Still he was idiosyncratically describing them as "child- 
friends". Lebailly's litany made Dodgson sound the tiniest 
bit like another famous Don - Giovanni, as compiled by 
Leporello in his famous comic aria "Madamina! il catalog©". 

M.Lebailly also copiously documented CLD's 
interest in the female nude - teenaged and upwards - by 
means of a slide show of illustrations, paintings (he said he 
was reluctant to take some of the photographs Dodgson 
enjoyed to a New York film processor! !) and ephemera from 
the "Swimming Entertainments"- featuring half-clad women 
- of which Dodgson was so fond. Excerpts of CLD's 
somewhat manipulative letters (accompanied by the 
documented ages of the girls) was a fascinating eye-opener 
for us, as were Dodgson 's desires to photograph (or be 
shown pictures or sketches of) young women in "acrobatic" 
dress, "bathing" costumes, or less. 

The talk also covered the unforgivable suppression 
of entire volumes of the diaries and sections thereof by 
CLD's nieces, the spinsters Violet and Menella Dodgson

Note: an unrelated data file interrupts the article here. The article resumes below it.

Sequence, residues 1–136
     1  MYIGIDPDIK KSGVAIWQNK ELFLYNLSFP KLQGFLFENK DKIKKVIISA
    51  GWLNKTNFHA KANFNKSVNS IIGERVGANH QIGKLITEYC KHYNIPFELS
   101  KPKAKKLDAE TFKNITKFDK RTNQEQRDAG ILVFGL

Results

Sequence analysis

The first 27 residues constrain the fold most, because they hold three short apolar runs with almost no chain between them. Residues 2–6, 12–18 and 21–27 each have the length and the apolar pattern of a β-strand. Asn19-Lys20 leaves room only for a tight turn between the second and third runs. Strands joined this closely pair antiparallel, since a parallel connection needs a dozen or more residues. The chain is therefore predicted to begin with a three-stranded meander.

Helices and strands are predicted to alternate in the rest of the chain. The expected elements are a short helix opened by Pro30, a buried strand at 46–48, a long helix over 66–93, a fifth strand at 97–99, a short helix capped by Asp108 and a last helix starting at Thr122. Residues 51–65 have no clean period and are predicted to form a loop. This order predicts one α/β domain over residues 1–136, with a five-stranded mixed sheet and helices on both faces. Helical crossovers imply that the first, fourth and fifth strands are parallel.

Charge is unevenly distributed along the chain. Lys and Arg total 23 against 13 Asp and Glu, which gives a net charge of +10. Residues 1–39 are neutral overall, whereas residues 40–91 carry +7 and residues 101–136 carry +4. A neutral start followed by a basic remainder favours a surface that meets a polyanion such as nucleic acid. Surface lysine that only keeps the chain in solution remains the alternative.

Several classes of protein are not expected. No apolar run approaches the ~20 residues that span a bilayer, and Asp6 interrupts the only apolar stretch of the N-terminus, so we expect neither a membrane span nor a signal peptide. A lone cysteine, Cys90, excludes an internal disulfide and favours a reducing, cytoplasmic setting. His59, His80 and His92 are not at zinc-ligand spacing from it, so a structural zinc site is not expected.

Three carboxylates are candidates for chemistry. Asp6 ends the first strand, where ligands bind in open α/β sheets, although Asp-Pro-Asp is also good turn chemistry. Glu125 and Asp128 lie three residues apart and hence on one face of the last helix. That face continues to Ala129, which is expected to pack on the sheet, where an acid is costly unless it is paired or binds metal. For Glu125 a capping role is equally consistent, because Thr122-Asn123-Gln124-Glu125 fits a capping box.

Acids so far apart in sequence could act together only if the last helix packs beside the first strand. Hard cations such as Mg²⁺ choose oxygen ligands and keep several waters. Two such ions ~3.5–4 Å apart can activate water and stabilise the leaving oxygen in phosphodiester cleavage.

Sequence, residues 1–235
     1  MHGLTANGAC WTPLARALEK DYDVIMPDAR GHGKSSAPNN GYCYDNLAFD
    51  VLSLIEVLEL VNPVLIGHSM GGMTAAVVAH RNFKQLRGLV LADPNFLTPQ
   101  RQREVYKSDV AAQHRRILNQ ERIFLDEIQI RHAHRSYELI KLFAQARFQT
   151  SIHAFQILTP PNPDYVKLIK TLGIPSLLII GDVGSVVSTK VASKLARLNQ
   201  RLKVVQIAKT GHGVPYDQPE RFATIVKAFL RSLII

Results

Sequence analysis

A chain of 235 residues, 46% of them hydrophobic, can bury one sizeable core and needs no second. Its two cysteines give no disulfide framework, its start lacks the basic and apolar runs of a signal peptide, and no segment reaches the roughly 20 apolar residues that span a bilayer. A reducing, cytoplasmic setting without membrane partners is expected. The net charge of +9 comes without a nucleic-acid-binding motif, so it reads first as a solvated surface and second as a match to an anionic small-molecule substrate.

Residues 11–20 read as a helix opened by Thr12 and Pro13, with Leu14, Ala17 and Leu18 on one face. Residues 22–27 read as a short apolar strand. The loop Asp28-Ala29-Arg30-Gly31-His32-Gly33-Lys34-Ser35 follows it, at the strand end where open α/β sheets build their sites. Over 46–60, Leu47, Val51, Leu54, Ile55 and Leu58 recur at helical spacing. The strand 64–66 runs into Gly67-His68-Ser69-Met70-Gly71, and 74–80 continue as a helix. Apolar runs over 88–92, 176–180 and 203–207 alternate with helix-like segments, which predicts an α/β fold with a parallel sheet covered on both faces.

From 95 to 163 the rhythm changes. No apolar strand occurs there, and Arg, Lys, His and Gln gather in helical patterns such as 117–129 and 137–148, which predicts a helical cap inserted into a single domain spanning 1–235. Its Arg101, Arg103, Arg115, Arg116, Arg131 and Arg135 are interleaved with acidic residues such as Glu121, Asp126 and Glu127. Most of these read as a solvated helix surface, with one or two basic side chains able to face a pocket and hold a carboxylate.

and by his nephew Stuart Dodgson Collingwood. Let us 
remember that in Victorian times the typical sitting-room 
mantlepiece was decorated with holiday and birthday cards 
depicting naked children as the very souls of mnocence. 
The interest of a Don in young women and actresses was 
scandalous to the Victorians, and it was this that they 
attempted to censor. Isn't it tragically ironic that the 
situation has been so reversed in our time? 







HuguesLebailly 
This photo and the one on p.2 are by Andrew Sellon 



Dodgson 's generous nature and concern for others 
dictated that he restrict his friendships with the "weaker" 
sex to children when he was himself of "marriageable" age 
and might possibly diminish the prospects of a young woman 
should he be seen escorting her. As he became older, he 
allowed his relationships with young women to blossom, 
since he then considered himself "beyond suspicion", as 
Lebailly demonstrated with a number of fascinating quot-